Radar-assisted cruise control locks onto traffic ahead and matches its speed right down to a complete stop, even with a foot on the throttle.  It’s a little bit freaky.  Finally, to encourage better gas mileage, there’s an Eco mode where the throttle pedal actively pushes back if it thinks your right foot is too heavy.

Put all of these technologies together and there are times this car feels alive.  And for those who don’t electronic nannies, you can either turn them off or just not buy them in the first place.

2013 Infiniti JX

CVT is A-OK

Motivating the JX35 is a 3.5-liter V6. Get it? JX35? 3.5? It makes 265 horsepower @ 6,400 rpm and 248 lb-ft of torque @ 4,400 rpm.

Competing vehicles use five, six, seven, even eight-speed transmissions, Infiniti uses a continuously variable unit in the JX.  Infinite ratios sound like a good idea but CVTs generally have a rubbery dynamic about them.  I don’t like them.  That said, Nissan engineers have gone out of their way to simulate the feel of a traditional automatic right down to a manual shift mode.  If you didn’t know the JX35 ran with a CVT, chances are you’d believe it was just a regular automatic tranny.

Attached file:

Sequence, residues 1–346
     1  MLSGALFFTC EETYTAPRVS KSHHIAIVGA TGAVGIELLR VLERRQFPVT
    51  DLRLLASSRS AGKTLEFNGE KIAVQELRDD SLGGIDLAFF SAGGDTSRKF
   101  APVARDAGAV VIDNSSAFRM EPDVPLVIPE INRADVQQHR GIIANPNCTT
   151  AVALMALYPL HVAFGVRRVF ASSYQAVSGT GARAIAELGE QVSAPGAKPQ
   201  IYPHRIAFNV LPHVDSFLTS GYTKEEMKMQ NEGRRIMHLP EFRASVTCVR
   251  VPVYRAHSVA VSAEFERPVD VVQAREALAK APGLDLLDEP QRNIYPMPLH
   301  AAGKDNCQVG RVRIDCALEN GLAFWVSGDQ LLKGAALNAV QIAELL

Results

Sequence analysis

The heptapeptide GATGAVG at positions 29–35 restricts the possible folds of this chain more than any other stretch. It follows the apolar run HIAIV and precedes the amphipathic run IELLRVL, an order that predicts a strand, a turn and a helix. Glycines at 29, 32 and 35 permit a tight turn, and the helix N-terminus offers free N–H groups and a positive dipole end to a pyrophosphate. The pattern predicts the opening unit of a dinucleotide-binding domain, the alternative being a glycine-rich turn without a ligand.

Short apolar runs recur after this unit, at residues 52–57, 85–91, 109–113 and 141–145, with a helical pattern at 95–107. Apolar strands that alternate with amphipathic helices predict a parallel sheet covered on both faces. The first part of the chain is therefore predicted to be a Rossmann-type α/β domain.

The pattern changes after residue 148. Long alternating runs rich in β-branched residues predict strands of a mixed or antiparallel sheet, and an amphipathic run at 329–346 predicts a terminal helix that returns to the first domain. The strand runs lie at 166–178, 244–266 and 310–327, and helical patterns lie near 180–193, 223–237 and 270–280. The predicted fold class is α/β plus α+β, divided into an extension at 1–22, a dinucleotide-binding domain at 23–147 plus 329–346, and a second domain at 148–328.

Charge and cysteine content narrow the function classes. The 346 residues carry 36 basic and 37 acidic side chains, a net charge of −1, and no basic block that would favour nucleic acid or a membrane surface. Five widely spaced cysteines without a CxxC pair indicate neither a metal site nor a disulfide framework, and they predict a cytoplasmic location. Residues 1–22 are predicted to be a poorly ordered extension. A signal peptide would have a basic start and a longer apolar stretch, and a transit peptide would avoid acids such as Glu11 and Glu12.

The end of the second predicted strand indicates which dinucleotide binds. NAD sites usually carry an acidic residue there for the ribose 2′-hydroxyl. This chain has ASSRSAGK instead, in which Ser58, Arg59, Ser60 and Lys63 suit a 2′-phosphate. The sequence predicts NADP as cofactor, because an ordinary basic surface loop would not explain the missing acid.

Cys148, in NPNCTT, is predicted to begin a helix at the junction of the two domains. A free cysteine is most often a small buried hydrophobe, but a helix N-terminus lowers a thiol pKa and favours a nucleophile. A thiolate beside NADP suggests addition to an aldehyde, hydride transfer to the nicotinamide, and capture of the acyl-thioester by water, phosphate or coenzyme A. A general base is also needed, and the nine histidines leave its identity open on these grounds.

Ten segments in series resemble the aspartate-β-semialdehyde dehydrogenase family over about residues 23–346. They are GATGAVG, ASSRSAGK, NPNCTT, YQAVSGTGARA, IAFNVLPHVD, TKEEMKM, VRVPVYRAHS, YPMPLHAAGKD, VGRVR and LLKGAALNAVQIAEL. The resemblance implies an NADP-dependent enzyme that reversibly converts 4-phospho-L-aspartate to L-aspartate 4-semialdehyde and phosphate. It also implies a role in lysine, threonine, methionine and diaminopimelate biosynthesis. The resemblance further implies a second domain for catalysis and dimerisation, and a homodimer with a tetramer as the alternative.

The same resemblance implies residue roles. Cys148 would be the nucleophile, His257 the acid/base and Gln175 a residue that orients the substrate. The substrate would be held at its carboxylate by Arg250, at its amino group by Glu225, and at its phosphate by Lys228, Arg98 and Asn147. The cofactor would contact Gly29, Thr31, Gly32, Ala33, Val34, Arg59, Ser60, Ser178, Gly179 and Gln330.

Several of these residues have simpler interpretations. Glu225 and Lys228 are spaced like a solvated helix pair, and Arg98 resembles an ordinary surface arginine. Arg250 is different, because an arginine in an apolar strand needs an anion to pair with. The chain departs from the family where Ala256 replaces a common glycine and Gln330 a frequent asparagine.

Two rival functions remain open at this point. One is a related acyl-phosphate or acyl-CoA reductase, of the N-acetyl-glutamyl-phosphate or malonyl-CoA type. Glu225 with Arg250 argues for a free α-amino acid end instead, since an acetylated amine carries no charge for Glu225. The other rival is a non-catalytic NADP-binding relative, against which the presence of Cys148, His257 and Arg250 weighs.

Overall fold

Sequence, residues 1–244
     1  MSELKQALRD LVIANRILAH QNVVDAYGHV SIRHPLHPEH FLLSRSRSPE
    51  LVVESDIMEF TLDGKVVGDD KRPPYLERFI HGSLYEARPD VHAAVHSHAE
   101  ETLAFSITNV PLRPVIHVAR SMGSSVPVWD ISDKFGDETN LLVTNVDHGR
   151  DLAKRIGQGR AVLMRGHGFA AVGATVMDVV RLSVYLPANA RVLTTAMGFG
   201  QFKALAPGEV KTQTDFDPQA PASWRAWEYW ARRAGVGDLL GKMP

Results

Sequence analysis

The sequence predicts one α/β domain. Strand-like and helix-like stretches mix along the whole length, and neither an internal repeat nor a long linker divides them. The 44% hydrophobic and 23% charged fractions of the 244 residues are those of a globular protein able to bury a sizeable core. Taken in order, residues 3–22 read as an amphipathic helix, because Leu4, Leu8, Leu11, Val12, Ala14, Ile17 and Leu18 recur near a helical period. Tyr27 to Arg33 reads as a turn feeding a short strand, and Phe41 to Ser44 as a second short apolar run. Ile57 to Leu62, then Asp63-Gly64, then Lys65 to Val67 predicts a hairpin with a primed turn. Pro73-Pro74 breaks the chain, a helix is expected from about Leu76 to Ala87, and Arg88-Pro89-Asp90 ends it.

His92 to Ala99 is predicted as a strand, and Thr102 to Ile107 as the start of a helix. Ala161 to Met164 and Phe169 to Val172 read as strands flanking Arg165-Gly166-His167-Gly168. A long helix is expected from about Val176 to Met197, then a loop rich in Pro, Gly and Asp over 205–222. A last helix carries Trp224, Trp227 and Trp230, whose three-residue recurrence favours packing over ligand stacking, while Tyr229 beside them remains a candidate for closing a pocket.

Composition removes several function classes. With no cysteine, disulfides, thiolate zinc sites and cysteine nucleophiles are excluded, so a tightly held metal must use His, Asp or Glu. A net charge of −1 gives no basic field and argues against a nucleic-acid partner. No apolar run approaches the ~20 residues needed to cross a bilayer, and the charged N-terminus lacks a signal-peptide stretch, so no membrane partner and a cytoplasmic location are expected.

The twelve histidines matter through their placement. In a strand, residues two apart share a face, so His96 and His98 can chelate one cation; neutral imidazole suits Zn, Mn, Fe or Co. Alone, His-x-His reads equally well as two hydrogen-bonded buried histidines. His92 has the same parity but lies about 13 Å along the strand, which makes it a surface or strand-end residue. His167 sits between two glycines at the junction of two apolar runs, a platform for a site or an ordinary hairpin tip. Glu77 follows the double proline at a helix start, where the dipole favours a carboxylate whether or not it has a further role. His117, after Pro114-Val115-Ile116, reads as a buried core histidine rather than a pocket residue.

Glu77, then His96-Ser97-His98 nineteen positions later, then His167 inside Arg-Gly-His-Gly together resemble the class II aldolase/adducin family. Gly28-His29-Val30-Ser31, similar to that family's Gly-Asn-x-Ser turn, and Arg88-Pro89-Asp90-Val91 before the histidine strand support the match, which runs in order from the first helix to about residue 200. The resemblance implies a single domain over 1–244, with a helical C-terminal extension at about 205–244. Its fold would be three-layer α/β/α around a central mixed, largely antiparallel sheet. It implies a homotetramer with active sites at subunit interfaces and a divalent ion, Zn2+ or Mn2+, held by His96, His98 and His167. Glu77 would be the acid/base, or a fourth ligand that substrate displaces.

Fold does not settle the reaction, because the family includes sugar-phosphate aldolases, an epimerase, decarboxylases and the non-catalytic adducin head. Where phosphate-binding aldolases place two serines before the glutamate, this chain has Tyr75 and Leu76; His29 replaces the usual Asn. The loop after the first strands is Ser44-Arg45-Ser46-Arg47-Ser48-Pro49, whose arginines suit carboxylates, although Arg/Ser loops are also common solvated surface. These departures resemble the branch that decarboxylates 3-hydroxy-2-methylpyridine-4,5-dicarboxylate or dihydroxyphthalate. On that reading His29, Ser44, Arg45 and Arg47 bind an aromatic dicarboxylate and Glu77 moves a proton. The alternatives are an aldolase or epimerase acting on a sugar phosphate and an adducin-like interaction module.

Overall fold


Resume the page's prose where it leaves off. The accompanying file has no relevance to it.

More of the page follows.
Throttle response and transmission mapping can be adjusted with a dial mounted next to the transmission lever.

2013 Infiniti JX

JX isn’t a high performance machine but with 0-60 happening in about 8 seconds, it moves confidently. The optional AWD system is completely automatic.  Infiniti is known for crisp athletic handling, this sport ute goes for a more plush comfortable ride.  It doesn’t wallow in corners but there is some body roll and the steering effort is light.  It feels like Nissan engineers were targeting the dynamic of a Lexus RX350, not Audi Q7, BMW X5 or Acura MDX.

Cruising at speed it’s moderately quiet with very little wind noise. Fuel economy is EPA rated at 18 city, 23 highway.

Inside Story